Sergei Nirenburg, Professor, Cognitive Science - Modeling Wisely Lazy Agents

 

Sergei Nirenburg, Professor, Cognitive Science - Modeling Wisely Lazy Agents

Sage 4101

September 17, 2014 12:00 PM - 1:30 PM

Human language processing, reasoning, decision making and action are influenced by a broad spectrum of factors, such as, to name a few, rational problem solving ability, beliefs, skills, wisdom, erudition, character traits, subconscious biases, emotional abilities, social adeptness, ethical backbone and esthetic sensibility. It is natural to expect that modeling human behavior with the help of artificial intelligent agents will address many, if not all, of these factors in an integrated computational system. This, however, is a tall order: the overall problem becomes very complex very fast.  Following the classical tenets of the scientific method – using abstraction and decomposing a problem into a set of constituent parts – most researchers are pursuing more or less shallow descriptions of more or less narrow-scope partial tasks. This approach permits incremental progress but does not necessarily advance the overall task of modeling human behavior. Eventually, progress on the latter task will require configuring and continuously testing non-toy integrated systems comprising many knowledge and processing components. So, there is tension between what must be done eventually and what can be done in the immediate future.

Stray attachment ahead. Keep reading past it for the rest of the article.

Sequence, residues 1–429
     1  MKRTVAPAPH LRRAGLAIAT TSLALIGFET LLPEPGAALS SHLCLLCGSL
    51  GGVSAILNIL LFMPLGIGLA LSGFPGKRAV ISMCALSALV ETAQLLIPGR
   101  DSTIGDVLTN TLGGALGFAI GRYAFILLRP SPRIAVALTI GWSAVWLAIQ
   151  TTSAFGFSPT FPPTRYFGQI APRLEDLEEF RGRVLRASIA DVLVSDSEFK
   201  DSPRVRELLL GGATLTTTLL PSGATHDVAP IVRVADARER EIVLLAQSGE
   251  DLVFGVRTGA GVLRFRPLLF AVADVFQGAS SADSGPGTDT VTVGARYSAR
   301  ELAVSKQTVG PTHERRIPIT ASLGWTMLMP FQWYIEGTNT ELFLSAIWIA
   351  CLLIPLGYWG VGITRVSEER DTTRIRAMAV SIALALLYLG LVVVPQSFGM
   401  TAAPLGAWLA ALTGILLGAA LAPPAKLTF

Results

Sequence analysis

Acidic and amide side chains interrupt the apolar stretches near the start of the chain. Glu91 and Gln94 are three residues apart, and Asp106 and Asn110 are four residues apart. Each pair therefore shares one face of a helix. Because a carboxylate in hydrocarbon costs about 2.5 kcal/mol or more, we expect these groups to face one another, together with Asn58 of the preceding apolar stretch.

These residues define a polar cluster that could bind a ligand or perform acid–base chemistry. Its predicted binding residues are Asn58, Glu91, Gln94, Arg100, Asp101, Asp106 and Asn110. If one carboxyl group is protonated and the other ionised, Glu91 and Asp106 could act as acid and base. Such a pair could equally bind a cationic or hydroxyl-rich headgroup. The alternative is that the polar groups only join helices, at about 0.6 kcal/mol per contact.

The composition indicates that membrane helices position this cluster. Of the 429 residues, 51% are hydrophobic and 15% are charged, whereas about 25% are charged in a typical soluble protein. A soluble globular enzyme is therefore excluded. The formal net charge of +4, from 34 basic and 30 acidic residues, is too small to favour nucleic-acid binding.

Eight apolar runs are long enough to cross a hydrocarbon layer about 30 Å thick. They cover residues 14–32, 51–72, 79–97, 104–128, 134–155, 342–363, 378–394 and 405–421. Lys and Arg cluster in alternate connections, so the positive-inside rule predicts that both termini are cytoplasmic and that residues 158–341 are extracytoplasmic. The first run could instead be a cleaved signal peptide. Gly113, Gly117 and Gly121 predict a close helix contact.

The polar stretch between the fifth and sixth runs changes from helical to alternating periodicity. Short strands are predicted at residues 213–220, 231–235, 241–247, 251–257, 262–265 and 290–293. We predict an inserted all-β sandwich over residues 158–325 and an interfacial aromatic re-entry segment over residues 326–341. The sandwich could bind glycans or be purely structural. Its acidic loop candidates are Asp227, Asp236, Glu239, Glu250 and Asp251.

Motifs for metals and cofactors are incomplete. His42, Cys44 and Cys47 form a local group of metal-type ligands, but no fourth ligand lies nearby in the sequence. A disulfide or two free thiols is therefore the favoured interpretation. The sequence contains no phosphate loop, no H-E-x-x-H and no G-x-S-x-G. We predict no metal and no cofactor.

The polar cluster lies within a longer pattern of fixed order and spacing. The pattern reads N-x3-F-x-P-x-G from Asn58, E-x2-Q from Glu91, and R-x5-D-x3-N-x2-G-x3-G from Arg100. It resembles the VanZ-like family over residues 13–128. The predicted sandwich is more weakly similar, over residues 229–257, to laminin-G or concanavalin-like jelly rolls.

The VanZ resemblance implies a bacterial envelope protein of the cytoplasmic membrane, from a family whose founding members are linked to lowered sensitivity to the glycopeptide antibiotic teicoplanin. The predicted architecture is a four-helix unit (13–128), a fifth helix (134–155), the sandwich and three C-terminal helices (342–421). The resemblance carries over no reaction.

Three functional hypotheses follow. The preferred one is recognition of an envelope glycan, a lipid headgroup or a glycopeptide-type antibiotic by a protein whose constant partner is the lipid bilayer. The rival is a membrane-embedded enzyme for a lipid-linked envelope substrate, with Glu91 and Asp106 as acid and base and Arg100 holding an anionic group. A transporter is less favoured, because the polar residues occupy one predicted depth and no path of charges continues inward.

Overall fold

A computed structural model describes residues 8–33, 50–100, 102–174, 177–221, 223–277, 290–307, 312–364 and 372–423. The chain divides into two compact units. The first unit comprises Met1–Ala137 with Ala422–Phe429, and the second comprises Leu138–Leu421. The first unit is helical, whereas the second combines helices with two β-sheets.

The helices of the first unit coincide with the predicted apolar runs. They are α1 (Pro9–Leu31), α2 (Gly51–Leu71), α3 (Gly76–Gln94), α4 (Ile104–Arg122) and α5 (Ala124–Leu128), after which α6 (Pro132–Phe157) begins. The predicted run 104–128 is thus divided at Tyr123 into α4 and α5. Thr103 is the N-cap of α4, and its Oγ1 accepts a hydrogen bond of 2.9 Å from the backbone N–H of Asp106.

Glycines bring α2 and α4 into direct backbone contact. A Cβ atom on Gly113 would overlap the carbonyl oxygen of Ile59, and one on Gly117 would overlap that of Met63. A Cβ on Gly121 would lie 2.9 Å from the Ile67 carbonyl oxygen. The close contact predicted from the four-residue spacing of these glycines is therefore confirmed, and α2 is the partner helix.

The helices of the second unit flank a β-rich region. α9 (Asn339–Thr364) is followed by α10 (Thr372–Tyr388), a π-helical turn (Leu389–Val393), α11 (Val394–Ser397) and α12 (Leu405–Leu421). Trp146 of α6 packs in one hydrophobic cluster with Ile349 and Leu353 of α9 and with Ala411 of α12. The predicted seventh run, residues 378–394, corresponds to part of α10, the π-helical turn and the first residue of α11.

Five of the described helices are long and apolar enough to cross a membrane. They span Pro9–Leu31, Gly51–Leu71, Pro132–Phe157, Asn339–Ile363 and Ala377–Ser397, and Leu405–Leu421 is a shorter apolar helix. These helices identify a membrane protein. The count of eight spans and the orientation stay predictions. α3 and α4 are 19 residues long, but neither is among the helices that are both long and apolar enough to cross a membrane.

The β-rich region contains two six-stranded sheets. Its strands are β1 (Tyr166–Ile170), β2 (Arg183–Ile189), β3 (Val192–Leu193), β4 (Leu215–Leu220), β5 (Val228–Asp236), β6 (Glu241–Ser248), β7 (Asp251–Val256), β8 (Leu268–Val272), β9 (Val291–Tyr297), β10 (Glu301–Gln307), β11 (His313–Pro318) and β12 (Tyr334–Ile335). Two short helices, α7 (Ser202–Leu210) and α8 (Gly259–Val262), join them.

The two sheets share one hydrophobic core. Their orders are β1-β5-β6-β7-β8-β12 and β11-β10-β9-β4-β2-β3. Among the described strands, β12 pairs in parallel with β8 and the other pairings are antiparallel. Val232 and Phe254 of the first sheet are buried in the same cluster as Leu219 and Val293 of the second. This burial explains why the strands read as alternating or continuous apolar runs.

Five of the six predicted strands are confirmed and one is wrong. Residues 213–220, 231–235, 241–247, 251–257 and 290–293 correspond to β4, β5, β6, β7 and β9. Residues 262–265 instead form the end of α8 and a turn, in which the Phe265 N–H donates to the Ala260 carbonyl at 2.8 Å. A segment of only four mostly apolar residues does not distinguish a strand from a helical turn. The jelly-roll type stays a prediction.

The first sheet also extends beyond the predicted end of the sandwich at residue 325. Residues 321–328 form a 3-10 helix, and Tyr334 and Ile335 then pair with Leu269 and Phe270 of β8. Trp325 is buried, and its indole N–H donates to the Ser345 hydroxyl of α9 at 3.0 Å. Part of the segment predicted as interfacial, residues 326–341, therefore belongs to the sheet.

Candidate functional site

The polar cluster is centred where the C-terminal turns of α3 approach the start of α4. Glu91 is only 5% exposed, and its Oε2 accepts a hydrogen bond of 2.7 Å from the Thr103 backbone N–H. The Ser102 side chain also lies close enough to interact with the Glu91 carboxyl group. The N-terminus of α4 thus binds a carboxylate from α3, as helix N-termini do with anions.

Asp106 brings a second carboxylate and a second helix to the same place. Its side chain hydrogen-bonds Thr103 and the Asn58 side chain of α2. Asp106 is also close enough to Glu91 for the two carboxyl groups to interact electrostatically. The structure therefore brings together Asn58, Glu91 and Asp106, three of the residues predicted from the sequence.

Human decision makers (subconsciously) experience a similar tension – they must function well and at the same time function with quite limited resources (of time, energy, skills and knowledge). Judicious use of resources seems to be the crucial metalevel ability that distinguishes successful agents. These agents are working hard to be as lazy as they can – to avoid high cognitive loads and waste of resources. A useful concept in this regard is the principle of least effort. In this talk I will discuss some possible heuristics to support a computational implementation of this principle, which, I believe, transcends the well-known notions (due to Simon) of bounded rationality and satisficing.


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